Security Ministry looks to significantly reduce recidivismThursday, July 29, 2021
KINGSTON, Jamaica— Permanent Secretary in the Ministry of National Security, Courtney Williams says policy enhancements to the National Offender Management Policy will play a significant role in reducing Jamaica's rate of recidivism.
Williams, who was speaking on Wednesday at an orientation session for the Board of Visitors (BOV),said, “the policy will help us to build a stronger culture within the Correctional System. A culture of rehabilitation. It is only through an effective rehabilitation culture that we will achieve 40 to 10.”
According to the ministry, the BOV, which includes civilians, was established to monitor the operations of adult and juvenile correctional and remand centres within the Department of Correctional Services (DCS), while the Parole Board serves to enhance the rehabilitation and reintegration of criminal offenders into society.
Williams noted that over the last three years, Jamaica's rate of recidivism has averaged approximately 40 per cent, which the ministry is working to reduce to 10 per cent, in less than nine years, in alignment with the Vision 2030 National Development Plan.
“Previous measures to address the problem of recidivism have not worked satisfactorily. The policy will help us to build a new and stronger culture of rehabilitation within the correctional system. We must also significantly improve our case management system so that we can, as accurately as possible, identify the appropriate rehabilitative treatment for each ward and inmate,” he said.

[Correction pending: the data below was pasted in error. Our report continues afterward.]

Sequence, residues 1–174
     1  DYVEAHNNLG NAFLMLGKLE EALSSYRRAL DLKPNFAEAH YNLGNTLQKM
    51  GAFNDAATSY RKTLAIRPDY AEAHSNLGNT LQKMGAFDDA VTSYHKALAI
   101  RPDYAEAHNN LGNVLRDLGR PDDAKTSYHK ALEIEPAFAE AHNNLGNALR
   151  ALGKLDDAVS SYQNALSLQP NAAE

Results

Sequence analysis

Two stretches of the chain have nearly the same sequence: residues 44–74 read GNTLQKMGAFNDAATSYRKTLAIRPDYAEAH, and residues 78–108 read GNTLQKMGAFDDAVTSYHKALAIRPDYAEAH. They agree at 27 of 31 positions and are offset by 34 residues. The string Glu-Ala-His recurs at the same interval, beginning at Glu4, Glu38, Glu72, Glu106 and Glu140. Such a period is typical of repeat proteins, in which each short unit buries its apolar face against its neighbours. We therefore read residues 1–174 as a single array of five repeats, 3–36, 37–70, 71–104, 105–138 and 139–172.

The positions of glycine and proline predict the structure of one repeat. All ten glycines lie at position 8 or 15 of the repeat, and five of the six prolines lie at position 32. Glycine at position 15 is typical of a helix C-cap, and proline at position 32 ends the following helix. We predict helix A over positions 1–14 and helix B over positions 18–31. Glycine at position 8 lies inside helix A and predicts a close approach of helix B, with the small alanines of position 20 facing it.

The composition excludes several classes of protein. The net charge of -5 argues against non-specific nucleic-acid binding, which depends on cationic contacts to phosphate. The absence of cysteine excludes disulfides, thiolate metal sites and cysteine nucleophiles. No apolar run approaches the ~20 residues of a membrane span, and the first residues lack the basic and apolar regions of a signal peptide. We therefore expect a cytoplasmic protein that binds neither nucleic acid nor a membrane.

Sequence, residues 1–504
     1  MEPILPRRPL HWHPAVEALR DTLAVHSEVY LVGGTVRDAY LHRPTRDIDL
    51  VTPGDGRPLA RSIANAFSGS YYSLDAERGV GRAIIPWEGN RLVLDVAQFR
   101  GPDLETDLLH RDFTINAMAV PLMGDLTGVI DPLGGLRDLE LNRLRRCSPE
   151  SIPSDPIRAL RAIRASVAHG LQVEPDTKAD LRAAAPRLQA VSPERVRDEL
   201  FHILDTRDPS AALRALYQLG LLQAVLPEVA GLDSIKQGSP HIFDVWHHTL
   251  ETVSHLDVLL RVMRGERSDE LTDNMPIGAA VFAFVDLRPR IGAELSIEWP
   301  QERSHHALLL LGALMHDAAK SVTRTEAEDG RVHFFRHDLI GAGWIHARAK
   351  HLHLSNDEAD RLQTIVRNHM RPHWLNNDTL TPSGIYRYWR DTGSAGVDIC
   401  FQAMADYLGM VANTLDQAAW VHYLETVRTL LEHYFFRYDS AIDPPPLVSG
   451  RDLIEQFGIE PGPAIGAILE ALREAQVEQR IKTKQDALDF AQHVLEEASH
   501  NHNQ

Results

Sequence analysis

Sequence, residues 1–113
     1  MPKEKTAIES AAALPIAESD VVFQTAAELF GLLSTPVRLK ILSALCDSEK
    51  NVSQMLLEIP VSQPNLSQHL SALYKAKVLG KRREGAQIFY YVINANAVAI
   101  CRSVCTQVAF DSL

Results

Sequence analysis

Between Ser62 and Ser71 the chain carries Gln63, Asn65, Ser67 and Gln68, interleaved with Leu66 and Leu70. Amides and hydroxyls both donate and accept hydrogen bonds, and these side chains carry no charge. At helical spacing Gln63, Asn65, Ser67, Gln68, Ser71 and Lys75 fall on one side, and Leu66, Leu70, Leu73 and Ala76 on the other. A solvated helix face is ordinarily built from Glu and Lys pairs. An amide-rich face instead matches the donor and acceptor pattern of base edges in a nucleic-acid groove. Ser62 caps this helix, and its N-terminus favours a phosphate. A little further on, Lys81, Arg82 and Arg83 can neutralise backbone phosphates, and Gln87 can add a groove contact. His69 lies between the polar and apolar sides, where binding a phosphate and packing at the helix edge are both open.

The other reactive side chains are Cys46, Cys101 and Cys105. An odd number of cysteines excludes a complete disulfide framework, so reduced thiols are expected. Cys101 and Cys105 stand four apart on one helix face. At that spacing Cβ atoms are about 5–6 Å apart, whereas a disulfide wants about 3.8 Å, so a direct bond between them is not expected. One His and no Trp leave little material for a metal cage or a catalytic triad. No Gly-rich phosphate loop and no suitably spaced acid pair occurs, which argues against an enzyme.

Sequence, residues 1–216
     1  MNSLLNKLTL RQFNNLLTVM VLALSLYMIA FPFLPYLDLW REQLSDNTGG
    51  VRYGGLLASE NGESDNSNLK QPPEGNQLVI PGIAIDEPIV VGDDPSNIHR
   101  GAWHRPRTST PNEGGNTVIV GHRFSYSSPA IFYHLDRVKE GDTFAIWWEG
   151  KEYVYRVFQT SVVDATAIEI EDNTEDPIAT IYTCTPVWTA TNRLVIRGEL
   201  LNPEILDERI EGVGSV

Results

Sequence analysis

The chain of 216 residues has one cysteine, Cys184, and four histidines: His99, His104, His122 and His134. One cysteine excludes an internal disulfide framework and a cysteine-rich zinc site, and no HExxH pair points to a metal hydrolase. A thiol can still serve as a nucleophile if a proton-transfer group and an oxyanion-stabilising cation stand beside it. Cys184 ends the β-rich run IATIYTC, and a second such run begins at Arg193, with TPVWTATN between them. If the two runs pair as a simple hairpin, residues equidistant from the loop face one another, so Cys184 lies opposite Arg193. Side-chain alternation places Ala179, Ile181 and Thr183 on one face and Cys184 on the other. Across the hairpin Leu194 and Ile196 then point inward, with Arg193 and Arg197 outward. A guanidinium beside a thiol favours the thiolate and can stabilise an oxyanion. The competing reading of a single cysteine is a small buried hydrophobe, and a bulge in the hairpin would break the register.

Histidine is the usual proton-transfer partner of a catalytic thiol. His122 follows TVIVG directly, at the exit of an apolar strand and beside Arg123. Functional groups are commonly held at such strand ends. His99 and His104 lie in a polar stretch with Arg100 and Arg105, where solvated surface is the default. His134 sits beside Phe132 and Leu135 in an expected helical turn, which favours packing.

Meanwhile, Minister without Portfolio in the Ministry of National Security, Senator Matthew Samuda, added that in a punitive justice system, all stakeholders will need to work to improve the culture of care and rehabilitation in the DCS.
He said an influential factor in the appointment of a BOV was “triggered by a particular incident”, citing the case of deceased inmate Noel Chambers.
He noted that there were several layers in the DCS that provide protection, but there are disjointed systems that need to work more cohesively, coupled with the need for improved legislation, digital and infrastructural changes.
“There is a short term solution which is dependent largely on the activities of the BOV, to help hold the DCS and by the extension, the government accountable,” Samuda said.
In addressing the BOV, Samuda said “the greatest metric that determines our success is the recidivism rate. Regardless of where you fall in the rehabilitative system, we expect your work to have a positive impact and be reflected in our duty of care to our inmates and wards”.
He explained that there are emerging discussions in the public domain surrounding sentencing guidelines and the Government of Jamaica will, in the coming months, tackle reform through the policy direction outlined by Minister of National Security, Dr Horace Chang.
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